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Maryann Ellen
(Ceranek) Wilder

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Ceranek-Wilder Families 1904

The Ceraneks are on the left, the Wilders on the right of the photo. Charles L. Wilder holds baby George on his lap.
His wife Mary stands behind him. Sons Walter and Charlie are at right. Marie sits next to her father and Minnie stands
next to him. Ivan is sitting next to little Marie. Grandparents Stanislaw and Balbina Ceranek are in the center.

Maryann Ellen Ceranek

Charles Wilder's wife Mary Ceranek came from Poland with her family. They traveled from the east coast to
Iowa in a covered wagon. The family settled on a farm in Iowa. Young Mary was a maid in a hotel when she met
Charles Wilder. She spoke only Polish and he spoke only English. They were married for more than 50 years.
The big trunk that held the Ceranek family's clothing and supplies in the wagon ended up in the house in Cicero
for more than half a century. Eventually Marie Ashworth donated it to the Historical Society.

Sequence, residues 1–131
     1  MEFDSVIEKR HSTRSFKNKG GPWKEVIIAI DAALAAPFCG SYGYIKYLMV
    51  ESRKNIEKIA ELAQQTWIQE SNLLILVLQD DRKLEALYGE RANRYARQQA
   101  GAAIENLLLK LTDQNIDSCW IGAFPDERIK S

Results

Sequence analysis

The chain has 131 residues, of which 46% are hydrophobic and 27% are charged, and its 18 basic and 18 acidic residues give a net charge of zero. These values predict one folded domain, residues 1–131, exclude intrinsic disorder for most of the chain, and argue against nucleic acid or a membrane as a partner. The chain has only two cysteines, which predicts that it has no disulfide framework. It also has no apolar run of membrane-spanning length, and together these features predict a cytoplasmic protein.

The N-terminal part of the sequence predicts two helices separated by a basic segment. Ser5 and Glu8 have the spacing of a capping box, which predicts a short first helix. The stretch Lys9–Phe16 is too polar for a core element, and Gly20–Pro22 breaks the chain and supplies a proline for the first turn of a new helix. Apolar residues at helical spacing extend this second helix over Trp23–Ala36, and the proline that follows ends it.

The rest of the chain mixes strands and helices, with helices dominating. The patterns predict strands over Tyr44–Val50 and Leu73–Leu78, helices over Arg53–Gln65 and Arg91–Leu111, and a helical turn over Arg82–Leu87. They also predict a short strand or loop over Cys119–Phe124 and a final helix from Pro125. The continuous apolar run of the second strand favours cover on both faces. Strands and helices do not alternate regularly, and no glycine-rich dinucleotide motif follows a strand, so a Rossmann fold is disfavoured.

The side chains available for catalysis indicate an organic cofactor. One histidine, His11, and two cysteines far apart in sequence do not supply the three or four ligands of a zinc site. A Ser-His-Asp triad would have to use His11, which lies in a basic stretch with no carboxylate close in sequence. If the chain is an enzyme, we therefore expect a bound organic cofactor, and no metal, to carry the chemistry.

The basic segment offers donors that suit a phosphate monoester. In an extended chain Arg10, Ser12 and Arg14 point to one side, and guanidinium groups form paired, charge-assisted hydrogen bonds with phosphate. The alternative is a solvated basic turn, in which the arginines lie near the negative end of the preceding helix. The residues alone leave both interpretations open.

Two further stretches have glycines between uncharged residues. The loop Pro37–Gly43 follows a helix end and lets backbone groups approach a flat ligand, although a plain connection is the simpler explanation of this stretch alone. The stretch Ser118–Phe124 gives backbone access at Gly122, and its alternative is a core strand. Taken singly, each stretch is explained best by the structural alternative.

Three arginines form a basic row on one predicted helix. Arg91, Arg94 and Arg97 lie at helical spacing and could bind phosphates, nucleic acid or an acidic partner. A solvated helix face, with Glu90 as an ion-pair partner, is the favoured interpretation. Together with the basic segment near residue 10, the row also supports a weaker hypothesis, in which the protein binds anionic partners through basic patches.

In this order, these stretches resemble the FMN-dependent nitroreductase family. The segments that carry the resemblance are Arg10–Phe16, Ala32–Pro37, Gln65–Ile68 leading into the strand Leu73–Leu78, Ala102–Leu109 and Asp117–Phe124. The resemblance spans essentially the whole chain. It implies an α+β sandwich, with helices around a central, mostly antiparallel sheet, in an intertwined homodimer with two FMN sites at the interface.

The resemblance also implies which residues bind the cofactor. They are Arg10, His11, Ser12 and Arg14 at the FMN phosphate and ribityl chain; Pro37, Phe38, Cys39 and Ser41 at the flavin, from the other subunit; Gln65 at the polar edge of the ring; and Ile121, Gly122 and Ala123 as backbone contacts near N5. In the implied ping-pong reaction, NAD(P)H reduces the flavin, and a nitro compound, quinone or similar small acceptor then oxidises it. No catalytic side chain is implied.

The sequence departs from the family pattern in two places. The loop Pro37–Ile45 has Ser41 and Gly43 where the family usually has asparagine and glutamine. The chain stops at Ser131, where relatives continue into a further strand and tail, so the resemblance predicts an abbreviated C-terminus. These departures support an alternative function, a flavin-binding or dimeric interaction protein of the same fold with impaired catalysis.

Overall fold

(Margot Ashworth)

Charles Lowell Wilder and his wife Mary (Ceranek) Wilder (both seated), raised six children.

They are, left to right: George (Cubby's father), Walter, Marie (Ashworth) , Minnie (Herman), Charles Lowell, and Ivan. Another child, Freddie, died in infancy.

(Margot Ashworth)

Near right: Charles and Maryann Ellen Wilder, 1916

Far right, clockwise
from upper left:
Minnie, Marie and Maryann

Photos were taken
at some occasion,
about 1916

Left, from left: Ivan,
his wife Ella, Walter (holding baby Henry), Marie, unknown guest,
and Maryann

Photo taken after Henry's baptism, in 1927

Right: Charles and Maryann Ellen (Ceranek) Wilder on their 50th wedding anniversary, August 5, 1943

Family Stories

Since it was clear that Maryann and Charles were standing in front of a church at their anniversary, I asked Diana if she knew what the "family" religion was. She replied: 

I don't know for sure what Charles and Maryann were. Some of the family was Protestant, some Methodist, some Catholic. I know my Grandparents were Methodist, Grandpa was a Mason and Grandma was in the women's group [Eastern Star]. Dad always hated religion for two reasons: his Grandparents took him when he was young to one that was very severe. You worked and studied the Bible. There was no fun, no dancing, music, skating, etc. That was all [viewed as] evil and he disagreed. And he said you could sit in church on Sunday with people who professed Christianity and on Monday they cheated on their taxes, on Tuesday they lied to their boss and by Friday they were beating their wives, but come Sunday they were pious and held in esteem.